New Hampshire’s governor again vetoes constitutional carry legislation

New Hampshire’s governor again vetoes constitutional carry legislation

Gov. Hassan doubled down on her disapproval of permitless carry reforms in New Hampshire last week. (Photo: MaggieForNH)

For the second time in as many years, Gov. Maggie Hassan rejected a bill that would have made the Granite State the 11th to codify the right to concealed carry without a permit.

Last fall, the staunch anti-gun Democrat vetoed a measure placed on her desk changing state law to make obtaining a concealed carry permit optional. A new proposal this session passed the House with a 206-146 vote earlier this year and the Senate 14-10 this month.

However, Hassan, running as the challenger in a tight race for Republican U.S. Sen. Kelly Ayotte’s seat with the strong backing of gun control groups, had not changed her mind on the subject.

“As I said when I vetoed nearly identical legislation last year, New Hampshire’s current concealed carry permitting law has worked well for nearly a century – safeguarding the Second Amendment rights of our citizens while helping to keep the Granite State one of the safest states in the nation,” Hassan wrote in her veto statement to lawmakers Friday.

Hassan went on to explain her endorsement of gun rights, with limits applied, and cited a landmark Supreme Court case and recently passed conservative jurist in her reasoning to scuttle the measure.

“I also continue to support the Second Amendment and the right of Americans to responsibly own guns for personal safety, hunting, and recreation, but as the late Justice Antonin Scalia reaffirmed in the 2008 Supreme Court case of District of Columbia v. Heller, states also have the ability to responsibly and appropriately regulate the concealed carry of firearms,” wrote the Governor.

The vetoed measure, HB 582, would have retained the state’s current concealed carry permit system that has been in place since 1923 while making it optional if the carrier is an adult legally able to possess a firearm. Open carry of a loaded gun as well as concealed carry of an unloaded one without a permit is already the law of the land and two of New Hampshire’s neighbors, Vermont and Maine, both have permitless concealed carry laws while enjoying low crime rates.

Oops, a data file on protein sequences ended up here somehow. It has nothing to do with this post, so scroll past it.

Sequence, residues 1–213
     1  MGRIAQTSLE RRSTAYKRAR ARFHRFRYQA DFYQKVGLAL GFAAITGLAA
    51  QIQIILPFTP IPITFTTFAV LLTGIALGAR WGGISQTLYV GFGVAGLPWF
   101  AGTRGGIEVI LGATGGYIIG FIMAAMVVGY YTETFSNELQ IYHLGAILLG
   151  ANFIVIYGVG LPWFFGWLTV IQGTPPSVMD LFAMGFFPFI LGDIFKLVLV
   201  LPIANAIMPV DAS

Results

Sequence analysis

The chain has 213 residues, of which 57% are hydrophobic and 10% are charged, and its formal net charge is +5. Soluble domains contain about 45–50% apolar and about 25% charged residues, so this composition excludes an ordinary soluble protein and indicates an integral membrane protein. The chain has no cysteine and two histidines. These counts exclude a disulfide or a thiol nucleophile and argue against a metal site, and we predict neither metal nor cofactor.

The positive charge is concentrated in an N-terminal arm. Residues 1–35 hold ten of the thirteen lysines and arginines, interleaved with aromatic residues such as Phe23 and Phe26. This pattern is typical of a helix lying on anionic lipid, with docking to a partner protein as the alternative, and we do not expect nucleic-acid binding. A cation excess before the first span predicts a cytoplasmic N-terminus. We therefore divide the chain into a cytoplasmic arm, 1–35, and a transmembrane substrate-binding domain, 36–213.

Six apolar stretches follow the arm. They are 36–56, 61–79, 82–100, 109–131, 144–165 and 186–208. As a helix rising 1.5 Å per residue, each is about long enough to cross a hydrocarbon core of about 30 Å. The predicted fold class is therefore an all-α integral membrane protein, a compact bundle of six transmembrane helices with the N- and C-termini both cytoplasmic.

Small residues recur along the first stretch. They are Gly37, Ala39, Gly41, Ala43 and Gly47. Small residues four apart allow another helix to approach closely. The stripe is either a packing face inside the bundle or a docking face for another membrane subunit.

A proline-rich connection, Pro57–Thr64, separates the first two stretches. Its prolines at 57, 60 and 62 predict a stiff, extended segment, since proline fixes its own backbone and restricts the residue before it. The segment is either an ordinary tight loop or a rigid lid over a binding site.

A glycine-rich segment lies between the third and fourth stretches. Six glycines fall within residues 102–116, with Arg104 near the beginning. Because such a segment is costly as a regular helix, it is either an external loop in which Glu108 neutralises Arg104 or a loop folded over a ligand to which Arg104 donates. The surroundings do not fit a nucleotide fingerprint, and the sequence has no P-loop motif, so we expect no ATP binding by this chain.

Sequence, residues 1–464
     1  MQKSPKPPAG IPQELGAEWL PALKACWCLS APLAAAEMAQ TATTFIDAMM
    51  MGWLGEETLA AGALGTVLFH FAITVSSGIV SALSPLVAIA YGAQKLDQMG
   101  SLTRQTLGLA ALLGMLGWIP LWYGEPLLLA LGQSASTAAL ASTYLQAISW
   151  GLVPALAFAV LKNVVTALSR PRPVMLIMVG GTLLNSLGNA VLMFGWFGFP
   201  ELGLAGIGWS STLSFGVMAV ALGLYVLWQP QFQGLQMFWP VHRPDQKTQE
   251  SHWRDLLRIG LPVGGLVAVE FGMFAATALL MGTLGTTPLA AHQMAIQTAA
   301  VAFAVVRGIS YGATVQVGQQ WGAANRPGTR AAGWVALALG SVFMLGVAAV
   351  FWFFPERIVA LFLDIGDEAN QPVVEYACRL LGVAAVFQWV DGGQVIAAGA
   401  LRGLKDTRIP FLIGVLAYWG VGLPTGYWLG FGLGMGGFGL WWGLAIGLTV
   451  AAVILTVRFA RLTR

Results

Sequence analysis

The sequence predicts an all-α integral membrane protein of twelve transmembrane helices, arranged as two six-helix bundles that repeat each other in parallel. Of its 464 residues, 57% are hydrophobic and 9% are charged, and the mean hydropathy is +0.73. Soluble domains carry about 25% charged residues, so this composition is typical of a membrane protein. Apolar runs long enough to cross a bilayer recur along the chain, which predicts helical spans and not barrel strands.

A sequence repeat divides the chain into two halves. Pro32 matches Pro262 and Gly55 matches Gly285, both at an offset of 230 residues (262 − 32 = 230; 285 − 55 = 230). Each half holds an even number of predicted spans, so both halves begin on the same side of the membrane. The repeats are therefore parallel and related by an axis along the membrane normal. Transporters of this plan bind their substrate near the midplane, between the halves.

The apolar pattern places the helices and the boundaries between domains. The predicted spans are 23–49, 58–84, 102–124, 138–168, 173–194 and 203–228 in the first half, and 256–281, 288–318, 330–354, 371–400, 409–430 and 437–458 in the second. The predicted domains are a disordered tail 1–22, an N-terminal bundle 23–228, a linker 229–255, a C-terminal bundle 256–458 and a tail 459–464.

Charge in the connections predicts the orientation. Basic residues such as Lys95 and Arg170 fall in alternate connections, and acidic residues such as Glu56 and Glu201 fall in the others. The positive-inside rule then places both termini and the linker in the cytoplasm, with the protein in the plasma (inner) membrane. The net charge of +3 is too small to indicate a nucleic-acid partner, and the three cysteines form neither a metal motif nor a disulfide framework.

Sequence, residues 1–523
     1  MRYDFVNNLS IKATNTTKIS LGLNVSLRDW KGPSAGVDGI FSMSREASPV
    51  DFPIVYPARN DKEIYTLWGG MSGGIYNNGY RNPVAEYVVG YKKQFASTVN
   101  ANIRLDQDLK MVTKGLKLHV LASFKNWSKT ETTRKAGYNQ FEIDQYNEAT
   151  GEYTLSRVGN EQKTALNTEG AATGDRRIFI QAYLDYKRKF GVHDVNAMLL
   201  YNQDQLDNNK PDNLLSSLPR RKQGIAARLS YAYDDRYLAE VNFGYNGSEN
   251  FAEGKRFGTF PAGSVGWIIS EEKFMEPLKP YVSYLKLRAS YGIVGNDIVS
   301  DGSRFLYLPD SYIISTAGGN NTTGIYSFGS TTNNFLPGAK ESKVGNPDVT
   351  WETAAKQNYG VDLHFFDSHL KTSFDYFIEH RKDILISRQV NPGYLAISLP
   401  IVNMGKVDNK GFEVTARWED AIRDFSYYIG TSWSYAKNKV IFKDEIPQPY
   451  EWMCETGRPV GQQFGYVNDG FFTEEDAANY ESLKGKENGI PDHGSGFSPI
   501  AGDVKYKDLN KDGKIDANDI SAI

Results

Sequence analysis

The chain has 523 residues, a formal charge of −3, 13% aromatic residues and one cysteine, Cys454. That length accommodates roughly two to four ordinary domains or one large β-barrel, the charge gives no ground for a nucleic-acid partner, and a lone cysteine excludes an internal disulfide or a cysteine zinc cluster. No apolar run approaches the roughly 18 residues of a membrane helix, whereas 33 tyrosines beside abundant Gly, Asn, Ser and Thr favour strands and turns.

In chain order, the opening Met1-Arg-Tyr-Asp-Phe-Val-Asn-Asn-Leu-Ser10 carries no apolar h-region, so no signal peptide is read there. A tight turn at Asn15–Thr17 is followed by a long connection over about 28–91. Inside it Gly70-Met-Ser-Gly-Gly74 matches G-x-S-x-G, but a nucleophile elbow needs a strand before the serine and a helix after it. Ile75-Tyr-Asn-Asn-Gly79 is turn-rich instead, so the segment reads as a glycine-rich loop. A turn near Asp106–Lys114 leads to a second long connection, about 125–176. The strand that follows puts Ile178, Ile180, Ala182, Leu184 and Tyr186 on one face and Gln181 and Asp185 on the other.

Lawmakers condemned Hassan’s move, but have fewer than the two-thirds majority support of the legislature to override her veto.

“The Governor has vetoed yet again another piece of common sense legislation that allows people to protect their lives, liberties and loved ones by exercising their Second Amendment rights under the Constitution,” said Senate Majority Leader Jeb Bradley, R-Wolfeboro, as reported by the Union Leader.

“In New Hampshire people can openly carry any firearm, but Gov. Hassan believes law-abiding citizens should be required to obtain a special permit to carry a legal weapon on a concealed basis,” he said.

Gun control groups argue the measure would have dismantled the state’s current concealed carry practices and allowed dangerous people to carry guns.

“Once again, Governor Hassan has shown herself to be a true champion of gun violence prevention by vetoing this reckless legislation,” said Deidre Reynolds with the New Hampshire chapter of Moms Demand Action, in a statement emailed to

“Under current state law, concealed carry permit holders must pass a background check before carrying hidden, loaded weapons in public. House Bill 582 would have gutted that system and repealed core public safety standards in the Granite State,” she said.

State Second Amendment groups such as the New Hampshire Firearms Coalition and the National Rifle Association backed the reform.

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